Many doctoral and post-doctoral researchers would say that an academic (lecturing) career is where they see their future lying. However, there is a huge discrepancy between the numbers of researchers and the numbers of lecturing posts available. So, to maximise your chances you need to become aware, very early on in your research career, of what makes a successful academic.
Here are some ways to find out more about what's involved in and required for an academic post:
- Talk to lecturers in your department about what they do and how they got to a permanent academic post, and look at their CVs.
- Find job adverts for lectureships in your discipline and look carefully at the job description and person specification.
- Manchester University have created a website dedicated to helping you find out more about what an academic career involves.
- Workshops on careers in academia for PhD students and research staff are run as part of the Researcher Development Programme.
- The Vitae website has some sections dedicated to academic careers.
- The key careers resources for researchers has some blogs on life as an early-career academic.
- We post advice on applying for and working towards academic jobs on our blog.
All lecturing jobs are split between research, teaching and administration, to varying extents depending on whether you are in a research- or teaching-intensive University. However, in some cases, it may be possible to obtain an academic post that only involves teaching, sometimes called a teaching fellowship, or a research-only post - see the Manchester Academic Careers website for more information on these different pathways.
Nevertheless, research, teaching and administration are the key areas in which you will need to take action.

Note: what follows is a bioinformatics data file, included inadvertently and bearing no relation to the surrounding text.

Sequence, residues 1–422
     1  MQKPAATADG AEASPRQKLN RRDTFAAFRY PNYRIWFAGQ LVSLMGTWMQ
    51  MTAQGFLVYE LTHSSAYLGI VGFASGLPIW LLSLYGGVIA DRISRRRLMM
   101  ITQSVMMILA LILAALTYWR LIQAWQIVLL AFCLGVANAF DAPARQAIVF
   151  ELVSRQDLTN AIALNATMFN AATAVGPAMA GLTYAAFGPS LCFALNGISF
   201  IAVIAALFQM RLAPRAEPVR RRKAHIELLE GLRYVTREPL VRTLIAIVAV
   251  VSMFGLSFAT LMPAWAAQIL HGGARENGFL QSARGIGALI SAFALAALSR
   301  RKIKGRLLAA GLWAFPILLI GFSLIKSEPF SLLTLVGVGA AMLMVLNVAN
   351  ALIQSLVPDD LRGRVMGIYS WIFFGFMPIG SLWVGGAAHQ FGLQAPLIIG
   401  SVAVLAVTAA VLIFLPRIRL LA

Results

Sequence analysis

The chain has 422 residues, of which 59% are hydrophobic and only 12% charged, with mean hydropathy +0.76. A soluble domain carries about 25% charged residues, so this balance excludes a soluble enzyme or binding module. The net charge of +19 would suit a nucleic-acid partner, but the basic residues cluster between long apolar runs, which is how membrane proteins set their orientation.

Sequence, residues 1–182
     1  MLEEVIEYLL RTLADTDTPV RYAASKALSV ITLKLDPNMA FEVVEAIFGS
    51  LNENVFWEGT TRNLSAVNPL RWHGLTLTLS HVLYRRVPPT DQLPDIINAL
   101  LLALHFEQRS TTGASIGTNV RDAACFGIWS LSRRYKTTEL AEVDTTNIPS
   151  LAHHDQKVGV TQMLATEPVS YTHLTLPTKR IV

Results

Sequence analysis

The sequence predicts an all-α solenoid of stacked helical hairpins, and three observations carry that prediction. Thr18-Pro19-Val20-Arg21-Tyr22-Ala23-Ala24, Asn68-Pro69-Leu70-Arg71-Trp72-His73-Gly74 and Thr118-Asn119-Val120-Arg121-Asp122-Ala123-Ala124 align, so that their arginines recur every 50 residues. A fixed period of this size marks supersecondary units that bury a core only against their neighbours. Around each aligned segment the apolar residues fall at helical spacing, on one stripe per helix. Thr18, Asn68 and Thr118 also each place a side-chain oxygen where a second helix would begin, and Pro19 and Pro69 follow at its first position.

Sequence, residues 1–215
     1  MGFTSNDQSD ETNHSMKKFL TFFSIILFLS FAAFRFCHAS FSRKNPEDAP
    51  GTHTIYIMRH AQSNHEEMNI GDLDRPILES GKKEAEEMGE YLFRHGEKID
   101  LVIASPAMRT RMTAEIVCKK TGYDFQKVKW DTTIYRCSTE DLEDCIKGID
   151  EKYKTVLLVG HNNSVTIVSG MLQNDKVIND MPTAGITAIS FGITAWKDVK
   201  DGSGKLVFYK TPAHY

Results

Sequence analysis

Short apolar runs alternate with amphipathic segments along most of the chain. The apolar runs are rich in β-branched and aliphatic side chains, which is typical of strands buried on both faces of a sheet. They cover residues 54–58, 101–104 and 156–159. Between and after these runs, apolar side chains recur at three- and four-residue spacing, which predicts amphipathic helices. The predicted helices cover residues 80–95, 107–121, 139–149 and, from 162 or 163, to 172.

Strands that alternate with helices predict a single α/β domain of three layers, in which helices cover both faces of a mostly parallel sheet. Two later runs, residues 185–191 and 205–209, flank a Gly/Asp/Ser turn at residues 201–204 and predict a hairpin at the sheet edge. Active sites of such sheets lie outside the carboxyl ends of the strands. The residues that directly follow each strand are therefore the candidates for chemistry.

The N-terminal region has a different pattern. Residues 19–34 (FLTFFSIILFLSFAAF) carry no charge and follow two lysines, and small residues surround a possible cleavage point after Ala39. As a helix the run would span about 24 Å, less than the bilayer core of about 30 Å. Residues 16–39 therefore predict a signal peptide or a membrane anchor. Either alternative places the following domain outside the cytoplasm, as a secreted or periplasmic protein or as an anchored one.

- You have to know what you want to research - in other words, find your niche. You need to develop ideas for independent projects and investigate ways to get them funded.
- Showing that you have the potential to attract and secure independent research funding is a key criteria for obtaining a permanent academic post. You can provide this evidence in a number of ways, including applying for small research and travel grants. The rules around whether doctoral and postdoctoral researchers are eligible to apply for certain types of grants, fellowships and funding varies widely across disciplines and across funders. If you have an idea for generating research funding, you should talk to your current PI and others in your department about your plans and potential funding sources. Research & Innovation Services have information and advice on applying for funding, including a list of funders. See also the vacancy sources for researchers guide for possible funding sources.
- Publish! A good publication record is vital. Think 'where' as well as 'what' - publications in high-quality journals will carry more weight with academic recruiters.
- Understand how the REF works.
- Take every opportunity to present your research at conferences and seminars - this will build your reputation and develop your networks.
- You'll need to demonstrate that you can engage students with your teaching, and work effectively with both them and colleagues in your department.
- Get some teaching experience. Start with demonstrating and tutorials, and move up to seminars and lectures if possible.
- Supervise final year students, and postgraduates if you can.
- Take any training courses on teaching offered by the University.
- Go to as many departmental or faculty meetings as you are entitled to.